We first meet Gigi being completely overeager on a so-so date with Connor (Kevin Connolly) who leaves the date and immediately calls Anna (Scarlett Johansson) who is stringing him along, but she rushes off the phone to talk to Ben (Bradley Cooper) who is standing in the checkout line and making goo-goo eyes at her even though he’s married to Janine (Jennifer Connolly) who works with both Gigi and Beth (Jennifer Aniston). Beth is dating Neil (Ben Affleck) but hasn’t been able to walk down the aisle in seven years so she’s frustrated. You also meet Alex (Justin Long) who is a wise cracking bartender/bar owner who catches Gigi stalking Connor and Mary (Drew Barrymore), ad sales exec for the Baltimore Blade who is a friend of Anna’s. Got all that?
The movie is full of subplots, but there was one major reoccurring theme that didn’t get any billing at all: the benefits of the gentrification of Baltimore. My feelings on gentrification vs. revitalization are clear. And this movie was like an pro-gentry advertisement from the city of Baltimore. Here’s one example – Connor is a real estate agent, and there is a small subplot throughout the film where he tries to attract more gay clients for his real estate business and advertises in the Blade for “homes for your lifestyle.” Near the end of the film, Connor and Anna are walking through a quaint little neighborhood, that Connor helpfully notes is a neighborhood “in transition.” Eventually it will be a great place to live – wonder how that’s going to happen?
Minorities are literally background color – people who move through the white circles of the leads, but rarely stick. (The exceptions are Mary’s coworkers at the fictional Blade, played by Wilson Cruz and Leonardo Nam. I’ll refer everyone to Queerty’s take on those two.) When you see blacks, it’s Frangela (more on that in a bit), the black waiter serving Gigi and Connor’s table, or the black waiter who works at Alex’s bar. When you see Latin@s in the movie, they are in the Army, or working on the homes of wealthy whites who are renovating. At one point, Ben tries to blame all the “undocumented workers” currently re-doing their home for some cigarettes Janine found. Janine also speaks dismissively to Javier, the head contractor on their home, before she has a breakdown about her husband’s deception. (Javier, to his character’s credit, shows his mastery of the English language by pointing out that the question/statement Janine posed didn’t have the proper inflection to be a question, and noted her excessive use of prepositions.) Asian Americans I covered above, and everyone else may have been mixed into the panning background shots.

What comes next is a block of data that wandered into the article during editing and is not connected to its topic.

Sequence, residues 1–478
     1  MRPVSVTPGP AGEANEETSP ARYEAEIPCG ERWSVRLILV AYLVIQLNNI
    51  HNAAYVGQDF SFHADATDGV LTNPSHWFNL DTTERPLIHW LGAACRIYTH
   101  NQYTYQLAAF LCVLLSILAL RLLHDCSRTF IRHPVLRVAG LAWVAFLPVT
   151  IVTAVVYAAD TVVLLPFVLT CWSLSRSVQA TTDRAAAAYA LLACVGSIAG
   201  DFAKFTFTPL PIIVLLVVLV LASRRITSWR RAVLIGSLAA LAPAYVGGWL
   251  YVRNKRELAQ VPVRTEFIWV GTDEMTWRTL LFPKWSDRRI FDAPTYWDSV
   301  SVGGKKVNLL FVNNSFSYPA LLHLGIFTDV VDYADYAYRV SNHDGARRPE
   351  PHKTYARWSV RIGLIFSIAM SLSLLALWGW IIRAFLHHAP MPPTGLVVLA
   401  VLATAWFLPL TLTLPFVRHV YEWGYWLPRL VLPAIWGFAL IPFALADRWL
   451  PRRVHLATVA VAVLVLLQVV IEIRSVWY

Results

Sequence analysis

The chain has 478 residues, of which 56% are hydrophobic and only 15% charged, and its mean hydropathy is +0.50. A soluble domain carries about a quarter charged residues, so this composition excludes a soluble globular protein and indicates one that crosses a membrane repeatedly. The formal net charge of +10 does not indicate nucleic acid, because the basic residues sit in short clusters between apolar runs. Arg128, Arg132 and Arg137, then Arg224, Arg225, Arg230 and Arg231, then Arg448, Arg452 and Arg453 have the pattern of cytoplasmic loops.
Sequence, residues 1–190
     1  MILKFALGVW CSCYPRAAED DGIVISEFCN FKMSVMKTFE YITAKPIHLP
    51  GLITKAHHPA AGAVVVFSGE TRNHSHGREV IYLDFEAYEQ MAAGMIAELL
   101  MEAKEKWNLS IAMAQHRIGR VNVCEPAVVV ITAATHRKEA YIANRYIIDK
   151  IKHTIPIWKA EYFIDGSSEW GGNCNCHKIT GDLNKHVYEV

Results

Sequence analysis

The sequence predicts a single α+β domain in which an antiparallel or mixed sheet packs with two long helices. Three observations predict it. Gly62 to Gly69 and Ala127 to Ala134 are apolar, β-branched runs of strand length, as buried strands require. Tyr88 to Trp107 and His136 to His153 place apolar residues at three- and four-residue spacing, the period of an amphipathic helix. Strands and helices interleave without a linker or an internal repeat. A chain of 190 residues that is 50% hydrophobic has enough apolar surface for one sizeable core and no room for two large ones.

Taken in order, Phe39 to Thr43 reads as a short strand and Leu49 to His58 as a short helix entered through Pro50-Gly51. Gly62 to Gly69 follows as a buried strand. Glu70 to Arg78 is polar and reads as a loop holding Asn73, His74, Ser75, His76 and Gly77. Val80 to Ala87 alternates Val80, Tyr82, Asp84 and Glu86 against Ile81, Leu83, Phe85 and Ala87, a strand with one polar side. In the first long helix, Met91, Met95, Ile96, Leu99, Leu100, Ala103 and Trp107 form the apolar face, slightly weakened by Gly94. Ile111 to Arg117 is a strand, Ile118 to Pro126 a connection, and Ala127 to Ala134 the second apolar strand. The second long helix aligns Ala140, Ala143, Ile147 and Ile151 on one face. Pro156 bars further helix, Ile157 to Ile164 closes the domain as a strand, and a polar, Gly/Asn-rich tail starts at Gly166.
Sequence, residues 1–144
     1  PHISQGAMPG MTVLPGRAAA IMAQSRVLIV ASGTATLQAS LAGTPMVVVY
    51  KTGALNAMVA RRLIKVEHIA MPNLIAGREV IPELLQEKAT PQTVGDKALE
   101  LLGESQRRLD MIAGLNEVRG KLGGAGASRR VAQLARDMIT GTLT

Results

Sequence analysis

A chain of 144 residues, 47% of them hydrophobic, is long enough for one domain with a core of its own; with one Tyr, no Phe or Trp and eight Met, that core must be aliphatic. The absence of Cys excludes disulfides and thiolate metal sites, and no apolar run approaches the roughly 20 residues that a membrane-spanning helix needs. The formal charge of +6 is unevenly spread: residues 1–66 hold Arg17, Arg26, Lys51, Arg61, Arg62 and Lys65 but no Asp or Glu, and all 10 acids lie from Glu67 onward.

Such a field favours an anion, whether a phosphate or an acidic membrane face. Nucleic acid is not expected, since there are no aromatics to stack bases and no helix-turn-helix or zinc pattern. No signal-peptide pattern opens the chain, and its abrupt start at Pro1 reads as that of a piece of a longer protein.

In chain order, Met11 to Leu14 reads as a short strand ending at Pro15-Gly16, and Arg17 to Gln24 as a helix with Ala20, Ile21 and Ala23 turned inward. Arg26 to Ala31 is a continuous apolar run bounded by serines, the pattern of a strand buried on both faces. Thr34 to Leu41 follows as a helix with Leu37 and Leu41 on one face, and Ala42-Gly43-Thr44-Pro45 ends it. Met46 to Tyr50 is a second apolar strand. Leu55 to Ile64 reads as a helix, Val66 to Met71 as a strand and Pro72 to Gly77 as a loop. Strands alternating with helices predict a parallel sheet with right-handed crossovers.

There was one potential interracial hook up – Alex is making out with “Hot Girl” (Annie Ilonzeh) who appears to be biracial or multiracial. Unfortunately, Gigi calls and Alex postpones the makeout session to help her out. You never see “Hot Girl” again.
While watching the movie, I also kept thinking about how I’ve seen and heard most of these tropes before…just done better in another movie. Ben is cheating on Janine with Anna. At one point, Janine heads to Ben’s office to try to win her marriage back by fucking him stupid. What she doesn’t know is that Ben was about to have sex with Anna, and pushed her into the closet when Janine knocked on the door. In a strange turn of events, Anna ends up listening to Ben and Janine have sex while she is trapped in the closet. Now, if this had been a movie from the 30s or 40s, a woman who was so brazen as to deliberately take another woman’s man would have at least made her presence known, either by directly challenging the woman or making a tearful exit scene. I kept waiting for Anna to come out of the closet in her little red dress and do something! But no – she waits patiently until they finish having sex before tearfully flying out of the closet and telling Ben to leave her alone.